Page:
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Stablecoins find a place in US banking regulation

Saudu Clement
Saudu Clement

According to an announcement from the Office of the Comptroller of the Currency (OCC), US banks can now use public blockchains and stablecoins to execute payments and other bank-permissible functions.

The OCC is a part of the country’s Treasury and one of the largest banking regulators. Following the new guidelines, American banks would be allowed to take part in what the regulators dubbed “independent node verification networks (INVN).” For the uninitiated, this simply means public blockchains.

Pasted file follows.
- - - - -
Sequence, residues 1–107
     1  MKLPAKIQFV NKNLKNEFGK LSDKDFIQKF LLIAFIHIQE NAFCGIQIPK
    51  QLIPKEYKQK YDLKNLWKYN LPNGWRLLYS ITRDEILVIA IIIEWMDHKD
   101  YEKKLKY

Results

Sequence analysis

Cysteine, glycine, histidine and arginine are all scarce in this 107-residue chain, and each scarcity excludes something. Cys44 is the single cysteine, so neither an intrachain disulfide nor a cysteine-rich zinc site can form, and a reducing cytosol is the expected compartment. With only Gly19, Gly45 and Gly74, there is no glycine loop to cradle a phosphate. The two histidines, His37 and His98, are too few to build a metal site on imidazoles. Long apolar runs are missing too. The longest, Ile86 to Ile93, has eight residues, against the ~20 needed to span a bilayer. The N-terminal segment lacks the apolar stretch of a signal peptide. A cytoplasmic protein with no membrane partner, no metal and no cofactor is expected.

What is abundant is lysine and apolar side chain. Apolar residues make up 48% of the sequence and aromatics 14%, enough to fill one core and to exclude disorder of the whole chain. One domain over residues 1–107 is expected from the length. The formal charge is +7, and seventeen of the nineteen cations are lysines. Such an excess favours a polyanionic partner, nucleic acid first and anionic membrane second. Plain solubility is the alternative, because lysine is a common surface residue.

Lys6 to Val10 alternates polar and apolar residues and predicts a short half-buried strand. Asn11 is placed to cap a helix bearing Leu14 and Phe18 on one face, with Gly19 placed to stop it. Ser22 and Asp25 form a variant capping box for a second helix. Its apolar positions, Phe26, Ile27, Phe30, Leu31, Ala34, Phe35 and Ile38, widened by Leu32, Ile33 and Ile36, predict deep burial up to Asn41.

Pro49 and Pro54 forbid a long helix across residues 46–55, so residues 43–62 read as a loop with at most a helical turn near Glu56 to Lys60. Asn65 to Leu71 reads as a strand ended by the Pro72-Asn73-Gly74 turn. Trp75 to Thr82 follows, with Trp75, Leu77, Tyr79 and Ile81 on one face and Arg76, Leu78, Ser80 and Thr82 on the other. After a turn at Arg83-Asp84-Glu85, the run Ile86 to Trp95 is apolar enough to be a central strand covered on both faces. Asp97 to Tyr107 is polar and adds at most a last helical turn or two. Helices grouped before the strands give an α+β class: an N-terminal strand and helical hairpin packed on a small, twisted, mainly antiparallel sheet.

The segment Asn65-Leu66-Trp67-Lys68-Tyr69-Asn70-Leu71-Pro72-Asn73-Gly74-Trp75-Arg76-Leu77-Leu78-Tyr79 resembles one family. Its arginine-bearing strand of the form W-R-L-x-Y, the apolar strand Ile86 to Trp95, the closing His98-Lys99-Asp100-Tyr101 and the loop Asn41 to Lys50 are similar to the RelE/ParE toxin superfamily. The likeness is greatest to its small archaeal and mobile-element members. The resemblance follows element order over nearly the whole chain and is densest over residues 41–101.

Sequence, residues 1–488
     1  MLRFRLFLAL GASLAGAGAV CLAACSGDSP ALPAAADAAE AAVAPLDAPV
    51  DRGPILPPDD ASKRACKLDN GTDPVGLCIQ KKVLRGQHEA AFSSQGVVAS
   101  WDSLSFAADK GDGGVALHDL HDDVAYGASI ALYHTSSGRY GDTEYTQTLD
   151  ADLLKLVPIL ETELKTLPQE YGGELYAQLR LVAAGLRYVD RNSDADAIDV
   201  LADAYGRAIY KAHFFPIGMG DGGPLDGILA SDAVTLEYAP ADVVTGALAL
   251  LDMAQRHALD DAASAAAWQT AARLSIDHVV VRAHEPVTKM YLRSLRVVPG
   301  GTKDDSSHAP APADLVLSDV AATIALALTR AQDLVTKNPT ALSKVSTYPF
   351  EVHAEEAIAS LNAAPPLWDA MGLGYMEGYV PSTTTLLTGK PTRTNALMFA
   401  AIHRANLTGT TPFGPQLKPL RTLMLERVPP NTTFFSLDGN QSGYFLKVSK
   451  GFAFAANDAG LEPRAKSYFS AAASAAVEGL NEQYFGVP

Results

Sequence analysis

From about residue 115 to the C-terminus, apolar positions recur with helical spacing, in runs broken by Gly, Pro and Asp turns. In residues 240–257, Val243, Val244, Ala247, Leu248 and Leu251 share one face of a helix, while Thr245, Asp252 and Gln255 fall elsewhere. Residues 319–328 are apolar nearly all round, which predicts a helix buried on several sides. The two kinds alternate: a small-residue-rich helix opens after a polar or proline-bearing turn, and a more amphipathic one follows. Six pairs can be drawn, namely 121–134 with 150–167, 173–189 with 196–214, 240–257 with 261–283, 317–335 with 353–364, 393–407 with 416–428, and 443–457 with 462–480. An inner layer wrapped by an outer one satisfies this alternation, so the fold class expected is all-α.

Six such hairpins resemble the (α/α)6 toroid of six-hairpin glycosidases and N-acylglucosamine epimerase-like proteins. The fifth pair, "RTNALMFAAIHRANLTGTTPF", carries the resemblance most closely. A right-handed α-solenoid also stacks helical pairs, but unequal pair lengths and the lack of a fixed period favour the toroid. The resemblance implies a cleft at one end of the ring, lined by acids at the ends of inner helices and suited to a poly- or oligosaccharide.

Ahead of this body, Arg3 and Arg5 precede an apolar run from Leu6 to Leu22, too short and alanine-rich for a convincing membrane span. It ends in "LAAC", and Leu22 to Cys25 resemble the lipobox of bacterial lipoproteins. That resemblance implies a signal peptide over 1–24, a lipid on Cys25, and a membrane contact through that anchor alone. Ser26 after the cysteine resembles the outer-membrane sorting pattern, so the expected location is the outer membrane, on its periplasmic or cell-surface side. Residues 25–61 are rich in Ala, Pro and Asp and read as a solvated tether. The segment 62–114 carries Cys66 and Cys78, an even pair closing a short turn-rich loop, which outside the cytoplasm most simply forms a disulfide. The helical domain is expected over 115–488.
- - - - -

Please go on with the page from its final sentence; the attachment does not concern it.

Acting Comptroller of the agency, Brian Brooks admitted the speed and low fees associated with blockchain transactions. He said:

Our letter removes any legal uncertainty about the authority of banks to connect to blockchains as validator nodes and thereby transact stablecoin payments on behalf of customers who are increasingly demanding the speed, efficiency, interoperability, and low cost associated with these products.

Whilst the new development may seem like a win for digital assets, it is worth stating that U.S. regulators have been pushing for increased scrutiny on crypto transactions. For instance, the new Stable Act would require issuers of stablecoins to obtain a chartered banking license and submit to checks from the Federal Reserve.